Free entrance to 5 Belgrade Fortress sites: Learn about our capital's secrets tomorrow
From 11 am to 7 pm, visitors will be able to visit free of charge the Roman Well, the Clock Tower, the Nebojsa Tower, the Military Bunker and the Big Gunpowder Magazine
On the occasion of World Tourism Day, Friday, September 27, the entrance to five facilities at the Belgrade Fortress will be free of charge, while workshops will be organized at the Stambol Gate dedicated to manufacturing of old maps and models of sailing ships.
The Belgrade Fortress announced that from 11 am to 7 pm, visitors will be able to visit free of charge the Roman Well, the Clock Tower, the Nebojsa Tower, the Military Bunker and the Big Gunpowder Magazine.
The Roman Well was built between 1717 and 1739, during the baroque Austrian reconstruction of the Belgrade Fortress. The well is 60 meters deep and nearly 3.5 meters wide. The Clock Tower was built in mid-18th century, is 27.5 meters tall and gives the visitor a unique view of the Belgrade Fortress and Kalemegdan Park, as well as of other parts of the city.
The Nebojsa Tower, built in the 15th century as a defensive tower during the Ottoman rule, became the most well-known prison and a dark symbol of Belgrade. Since 2011, it has been a modern exhibition space where, with the help of audio visual effects, visitors can learn about this part of Serbian and Greek history.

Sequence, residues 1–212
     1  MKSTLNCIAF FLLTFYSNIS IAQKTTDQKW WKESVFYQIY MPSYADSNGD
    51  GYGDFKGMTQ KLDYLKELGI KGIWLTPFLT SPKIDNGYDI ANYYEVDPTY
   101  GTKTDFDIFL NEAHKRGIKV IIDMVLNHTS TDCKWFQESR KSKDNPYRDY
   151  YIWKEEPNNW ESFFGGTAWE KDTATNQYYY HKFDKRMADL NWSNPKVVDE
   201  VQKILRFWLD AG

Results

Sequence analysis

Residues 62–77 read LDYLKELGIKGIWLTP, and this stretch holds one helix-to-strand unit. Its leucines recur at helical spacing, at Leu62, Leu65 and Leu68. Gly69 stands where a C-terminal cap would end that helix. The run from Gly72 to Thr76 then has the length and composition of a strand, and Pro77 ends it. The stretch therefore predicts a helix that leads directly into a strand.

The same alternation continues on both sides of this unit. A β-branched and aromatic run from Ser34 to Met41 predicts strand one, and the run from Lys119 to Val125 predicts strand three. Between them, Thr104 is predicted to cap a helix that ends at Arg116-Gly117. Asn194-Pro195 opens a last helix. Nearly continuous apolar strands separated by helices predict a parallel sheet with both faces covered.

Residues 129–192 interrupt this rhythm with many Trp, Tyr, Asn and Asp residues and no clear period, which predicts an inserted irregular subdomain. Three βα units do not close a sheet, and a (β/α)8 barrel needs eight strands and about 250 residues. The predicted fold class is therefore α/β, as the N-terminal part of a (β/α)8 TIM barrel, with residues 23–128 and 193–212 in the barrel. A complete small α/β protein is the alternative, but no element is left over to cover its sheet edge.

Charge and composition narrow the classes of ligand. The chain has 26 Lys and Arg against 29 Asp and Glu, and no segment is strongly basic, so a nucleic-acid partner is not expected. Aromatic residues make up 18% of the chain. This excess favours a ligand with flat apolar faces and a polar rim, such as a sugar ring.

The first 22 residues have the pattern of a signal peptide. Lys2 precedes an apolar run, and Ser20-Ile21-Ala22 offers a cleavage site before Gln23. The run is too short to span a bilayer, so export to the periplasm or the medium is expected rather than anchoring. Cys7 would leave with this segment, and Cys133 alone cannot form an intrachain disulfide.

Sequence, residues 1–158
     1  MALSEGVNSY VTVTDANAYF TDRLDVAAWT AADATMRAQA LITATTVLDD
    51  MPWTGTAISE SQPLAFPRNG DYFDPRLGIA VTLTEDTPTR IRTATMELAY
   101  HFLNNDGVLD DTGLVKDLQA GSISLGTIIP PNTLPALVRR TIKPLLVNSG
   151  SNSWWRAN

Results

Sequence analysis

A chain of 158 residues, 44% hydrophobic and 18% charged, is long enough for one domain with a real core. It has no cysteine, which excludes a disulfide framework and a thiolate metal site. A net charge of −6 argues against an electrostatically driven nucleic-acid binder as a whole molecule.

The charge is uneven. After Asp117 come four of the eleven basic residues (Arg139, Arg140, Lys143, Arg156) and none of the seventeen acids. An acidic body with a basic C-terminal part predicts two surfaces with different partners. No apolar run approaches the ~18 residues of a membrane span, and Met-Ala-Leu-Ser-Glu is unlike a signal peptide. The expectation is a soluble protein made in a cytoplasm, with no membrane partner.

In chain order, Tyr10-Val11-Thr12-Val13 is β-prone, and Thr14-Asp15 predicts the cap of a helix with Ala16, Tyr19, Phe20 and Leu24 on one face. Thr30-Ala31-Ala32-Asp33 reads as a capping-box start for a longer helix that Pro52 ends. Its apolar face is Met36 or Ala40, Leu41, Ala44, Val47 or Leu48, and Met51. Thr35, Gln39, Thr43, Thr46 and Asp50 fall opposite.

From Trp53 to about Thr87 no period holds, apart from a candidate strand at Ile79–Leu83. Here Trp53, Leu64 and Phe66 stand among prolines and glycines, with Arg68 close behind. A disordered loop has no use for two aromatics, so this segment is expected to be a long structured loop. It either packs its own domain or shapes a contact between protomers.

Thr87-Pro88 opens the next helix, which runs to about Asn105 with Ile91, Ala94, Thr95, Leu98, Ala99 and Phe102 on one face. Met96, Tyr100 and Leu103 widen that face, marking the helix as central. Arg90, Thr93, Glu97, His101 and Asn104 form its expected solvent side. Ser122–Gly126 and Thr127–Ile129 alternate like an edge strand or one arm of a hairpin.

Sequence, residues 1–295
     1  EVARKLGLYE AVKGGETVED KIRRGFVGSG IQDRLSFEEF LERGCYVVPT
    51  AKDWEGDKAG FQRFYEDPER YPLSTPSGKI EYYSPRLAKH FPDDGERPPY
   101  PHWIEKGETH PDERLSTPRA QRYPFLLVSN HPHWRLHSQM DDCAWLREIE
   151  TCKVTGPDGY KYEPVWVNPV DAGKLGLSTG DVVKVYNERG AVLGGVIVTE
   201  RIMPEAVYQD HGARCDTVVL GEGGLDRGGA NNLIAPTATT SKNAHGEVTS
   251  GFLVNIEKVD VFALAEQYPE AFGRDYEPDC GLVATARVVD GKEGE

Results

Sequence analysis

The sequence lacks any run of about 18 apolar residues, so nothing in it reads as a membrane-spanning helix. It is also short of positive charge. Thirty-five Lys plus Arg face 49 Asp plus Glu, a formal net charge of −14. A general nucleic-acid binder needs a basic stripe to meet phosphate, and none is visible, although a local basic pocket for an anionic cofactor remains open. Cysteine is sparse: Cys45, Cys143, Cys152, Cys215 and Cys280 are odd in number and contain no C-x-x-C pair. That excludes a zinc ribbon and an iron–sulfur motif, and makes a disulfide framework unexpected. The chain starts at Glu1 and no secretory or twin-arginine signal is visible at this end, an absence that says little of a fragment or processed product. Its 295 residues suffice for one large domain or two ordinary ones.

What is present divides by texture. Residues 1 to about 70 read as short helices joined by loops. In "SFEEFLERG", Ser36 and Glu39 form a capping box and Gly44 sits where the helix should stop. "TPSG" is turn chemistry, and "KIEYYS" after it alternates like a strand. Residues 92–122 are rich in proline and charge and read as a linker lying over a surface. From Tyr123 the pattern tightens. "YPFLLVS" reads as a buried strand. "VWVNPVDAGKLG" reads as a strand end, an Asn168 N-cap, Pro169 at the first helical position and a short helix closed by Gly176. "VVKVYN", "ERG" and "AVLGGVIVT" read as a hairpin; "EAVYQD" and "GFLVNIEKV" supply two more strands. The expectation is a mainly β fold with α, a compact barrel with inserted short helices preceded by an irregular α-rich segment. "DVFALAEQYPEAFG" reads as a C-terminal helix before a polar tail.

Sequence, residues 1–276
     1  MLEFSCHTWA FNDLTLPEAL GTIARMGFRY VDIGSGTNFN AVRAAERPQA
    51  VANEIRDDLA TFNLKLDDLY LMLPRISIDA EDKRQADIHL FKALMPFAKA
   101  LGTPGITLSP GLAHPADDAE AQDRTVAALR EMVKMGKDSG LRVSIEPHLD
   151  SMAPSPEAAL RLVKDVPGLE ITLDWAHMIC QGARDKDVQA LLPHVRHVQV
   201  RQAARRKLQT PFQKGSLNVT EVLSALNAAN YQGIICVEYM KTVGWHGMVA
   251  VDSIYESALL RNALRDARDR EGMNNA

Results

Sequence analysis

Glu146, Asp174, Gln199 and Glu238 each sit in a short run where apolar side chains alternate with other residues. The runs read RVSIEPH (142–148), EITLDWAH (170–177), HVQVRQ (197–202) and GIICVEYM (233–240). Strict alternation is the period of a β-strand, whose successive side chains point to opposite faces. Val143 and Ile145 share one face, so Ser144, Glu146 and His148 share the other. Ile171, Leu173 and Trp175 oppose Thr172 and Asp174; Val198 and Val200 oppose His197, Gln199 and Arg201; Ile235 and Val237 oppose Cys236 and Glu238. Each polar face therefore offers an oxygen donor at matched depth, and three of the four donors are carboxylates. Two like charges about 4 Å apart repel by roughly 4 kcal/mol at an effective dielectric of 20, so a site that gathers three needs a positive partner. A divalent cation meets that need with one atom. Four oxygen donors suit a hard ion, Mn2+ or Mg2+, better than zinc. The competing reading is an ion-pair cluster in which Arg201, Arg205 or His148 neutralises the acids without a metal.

The Military Bunker in the Upper Town was built in the 1950s, and besides its interior, visitors will also have the opportunity to see the exhibition "Art in the Bunker" dedicated to bans and other forms of censorship that affected the art scene in the 1960s and 1970s.
In addition to a permanent exhibition of Roman stone monuments - lapidariums, Roman sculptures and tombstones will be exhibited in the Big Gunpowder Magazine.
Workshops for school-age children will be organized at the Stambol Gate. Visitors will be able to "travel to the Middle Ages" through the prism of old maps - masterpieces of geographical history. Maps of Belgrade, Europe and the world are exhibited in the leaf format, as framed miniatures and large painted maps in unique handmade frames. Models of sailboats from that period are also exhibited at the Stambol Gate.
The program is being implemented as part of the Days of European Heritage event, a statement added.